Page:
©2016 Gail Pursell Elliott
(Gail writes The Bully at Work Column for the Workplace Violence Prevention E-Report)
Each Spring I watch some classic mobbing on the front lawn as birds drive predators away from nesting areas. They will attack other birds as well, ganging up on one bird even one of their own. In the Midwest, this behavior can be seen in the barnyard as well as one chicken is targeted by the others who peck at it until it dies. It is not one bully continuously pecking, but all the chickens isolate and peck once or twice and the pecks accumulate to kill the targeted bird. It is frightening to watch and the results are horrific.
In an election year we see a great deal of this type of behavior as candidates peck at each other with innuendoes, question work or credentials, dig up and spread rumors, speculate on myriad negative suppositions which detract from the business at hand. All of this is done in an effort to drive the opponent out of the race or out of grace with voters. Meanwhile some members of the media join in the rumors and speculation, sometimes coming up with possibilities of their own. People who are watching either become confused or grab on to whatever resonates with their own prejudices or beliefs. It is interesting to watch how pieces of information become blown out of proportion and others are downplayed. Remembering that the candidates are competing for a job puts this into the arena of workplace mobbing and bullying.
On the smaller scale of the immediate workplace we see similar behaviors. Again each person grabs onto whatever resonates with their own prejudices, beliefs, or how what is happening may potentially impact them. When the behavior is emanating from a change in the overall approach to business by upper management and impacts services to customers or clients, I have seen gradual but continuous exits by quality staff that care about those services. It is important to pay attention not only to turnover, but where the turnover is happening and who is leaving. Regardless of the focus of an organization, whether it is service, product, or entertainment, the end user is the consumer. When an organization begins to cut costs and quality in an effort to improve the bottom line, there are those who will look for other opportunities as a result of personal integrity. When these changes impact an individual’s sense of safety in terms of their job, it becomes worse. When the changes impact job security, the organization begins to operate on fear rather than forward thinking in the opinion of its employees.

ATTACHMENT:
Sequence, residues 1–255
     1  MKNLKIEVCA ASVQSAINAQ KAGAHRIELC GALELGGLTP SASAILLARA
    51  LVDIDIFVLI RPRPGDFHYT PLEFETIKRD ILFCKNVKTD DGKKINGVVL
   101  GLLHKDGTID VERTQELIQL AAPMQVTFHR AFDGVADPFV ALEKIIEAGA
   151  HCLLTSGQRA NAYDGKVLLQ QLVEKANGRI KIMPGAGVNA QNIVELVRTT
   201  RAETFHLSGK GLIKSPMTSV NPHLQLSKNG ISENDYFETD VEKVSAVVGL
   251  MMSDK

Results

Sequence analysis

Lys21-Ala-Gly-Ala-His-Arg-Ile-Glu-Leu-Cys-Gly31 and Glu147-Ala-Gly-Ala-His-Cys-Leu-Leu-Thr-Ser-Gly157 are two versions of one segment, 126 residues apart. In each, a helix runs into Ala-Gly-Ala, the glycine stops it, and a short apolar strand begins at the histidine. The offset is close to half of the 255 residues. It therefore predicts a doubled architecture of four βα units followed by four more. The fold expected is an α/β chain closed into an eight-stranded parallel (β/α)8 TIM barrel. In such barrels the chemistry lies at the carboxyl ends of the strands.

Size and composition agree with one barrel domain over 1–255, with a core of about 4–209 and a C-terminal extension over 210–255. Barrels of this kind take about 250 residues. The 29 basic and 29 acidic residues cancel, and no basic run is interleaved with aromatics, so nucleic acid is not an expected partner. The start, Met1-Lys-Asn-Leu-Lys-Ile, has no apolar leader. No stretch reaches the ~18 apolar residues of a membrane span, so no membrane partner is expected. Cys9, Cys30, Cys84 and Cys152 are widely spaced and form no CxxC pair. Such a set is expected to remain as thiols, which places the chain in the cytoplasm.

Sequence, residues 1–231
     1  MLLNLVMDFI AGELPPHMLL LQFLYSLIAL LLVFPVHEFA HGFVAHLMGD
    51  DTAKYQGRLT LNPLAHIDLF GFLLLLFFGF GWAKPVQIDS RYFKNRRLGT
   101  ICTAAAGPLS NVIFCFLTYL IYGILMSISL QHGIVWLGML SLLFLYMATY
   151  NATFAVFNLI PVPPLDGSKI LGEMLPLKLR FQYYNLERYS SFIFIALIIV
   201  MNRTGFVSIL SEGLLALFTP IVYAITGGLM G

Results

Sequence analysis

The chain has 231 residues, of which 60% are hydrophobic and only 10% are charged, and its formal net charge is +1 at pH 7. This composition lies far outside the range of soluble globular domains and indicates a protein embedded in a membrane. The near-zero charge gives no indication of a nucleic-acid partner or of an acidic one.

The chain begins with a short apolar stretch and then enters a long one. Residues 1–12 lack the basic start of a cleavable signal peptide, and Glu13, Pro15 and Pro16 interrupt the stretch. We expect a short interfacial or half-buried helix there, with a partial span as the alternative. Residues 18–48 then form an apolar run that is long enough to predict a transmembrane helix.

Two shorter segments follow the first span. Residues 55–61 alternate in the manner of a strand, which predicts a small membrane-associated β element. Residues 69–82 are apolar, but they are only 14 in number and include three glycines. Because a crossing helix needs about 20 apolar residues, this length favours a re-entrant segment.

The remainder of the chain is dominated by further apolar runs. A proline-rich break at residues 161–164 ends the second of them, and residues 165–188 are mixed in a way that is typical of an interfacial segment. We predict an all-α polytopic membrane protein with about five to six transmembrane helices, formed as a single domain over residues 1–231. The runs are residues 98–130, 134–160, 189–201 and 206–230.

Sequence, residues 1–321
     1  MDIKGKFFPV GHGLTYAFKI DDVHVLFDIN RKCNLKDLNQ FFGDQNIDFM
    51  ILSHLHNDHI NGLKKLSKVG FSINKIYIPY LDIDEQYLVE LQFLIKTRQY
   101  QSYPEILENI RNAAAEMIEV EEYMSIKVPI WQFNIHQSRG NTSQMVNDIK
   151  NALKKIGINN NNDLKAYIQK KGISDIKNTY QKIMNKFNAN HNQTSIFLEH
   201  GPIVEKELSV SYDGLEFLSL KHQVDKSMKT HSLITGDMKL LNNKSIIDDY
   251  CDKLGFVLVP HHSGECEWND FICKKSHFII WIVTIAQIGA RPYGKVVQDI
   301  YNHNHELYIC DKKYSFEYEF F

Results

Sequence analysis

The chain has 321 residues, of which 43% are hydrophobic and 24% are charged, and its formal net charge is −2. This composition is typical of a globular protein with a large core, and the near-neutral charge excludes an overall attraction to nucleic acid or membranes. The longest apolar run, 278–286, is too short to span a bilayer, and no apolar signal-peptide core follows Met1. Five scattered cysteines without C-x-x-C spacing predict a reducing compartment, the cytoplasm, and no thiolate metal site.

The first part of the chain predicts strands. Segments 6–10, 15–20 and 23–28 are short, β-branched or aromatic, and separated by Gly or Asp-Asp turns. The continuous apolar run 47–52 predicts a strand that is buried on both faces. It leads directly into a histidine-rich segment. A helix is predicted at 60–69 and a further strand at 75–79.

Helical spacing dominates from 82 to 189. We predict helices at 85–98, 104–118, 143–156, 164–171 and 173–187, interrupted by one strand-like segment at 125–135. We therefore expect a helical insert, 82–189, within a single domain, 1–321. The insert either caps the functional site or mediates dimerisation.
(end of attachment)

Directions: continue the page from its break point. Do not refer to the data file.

Fear can be a powerful motivator, but it is a negative one. When an individual is being mobbed the anxiety and confusion take a tremendous toll not only physically and emotionally but also on the person’s ability to work efficiently and well. Coworkers who are watching may become just as anxious that they may be next. If this can happen to one person it can happen to them as well. Or because of their integrity, they may feel uncomfortable working for an organization that allows this to happen to anyone.
One organization with which I worked had an exodus of many individuals in supervision and middle management for this very reason. They watched their boss become targeted and though they did not understand the process, their exit interviews stated that they did not want to work for an organization that allowed this to happen. Quite a few of them had been with the organization for many years and were committed not as much to the individual as to the organization itself. This became compromised by the behavior of those in authority and once lost was impossible to regain. This is how targeting individuals or making changes without regard to the impact on individual lives or what motivates employees can impact the organization as a whole for years to come. These ripple effects are well worth considering when looking at individual cases of mobbing or bullying within your organization. Whatever your bottom line happens to be, whatever drama happens to be occurring in one or more areas eventually will not be lost on others and will impact the whole either positively or negatively. It is well worth considering that the health of your company is reflected in the wellbeing of employees in these complicated times.
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Gail Pursell Elliott is known as The Dignity and Respect Lady. She has been recognized as an authority on Mobbing, Bullying and Harassment since 1998 and has been a guest expert on both television and radio programs. Gail is the author of several books, including School Mobbing and Emotional Abuse: See It, Stop It, Prevent It with Dignity and Respect. Her Food for Thought essays are read by people around the world. She is co-author of the 1999 book Mobbing: Emotional Abuse in the American Workplace, the definitive book on this subject based on the original research of Dr. Heinz Leymann. She consults with organizations of all kinds, presents at conferences, and provides training on Mobbing and soft skills topics with a focus on people treating each other with Dignity and Respect. Gail is founder and proprietor of Innovations “Training With a Can-Do Attitude” located in Eastern Iowa. Her website is www.tashidelay.innovations-training.com She would love to work with you to help heal your organization with both insight and awareness.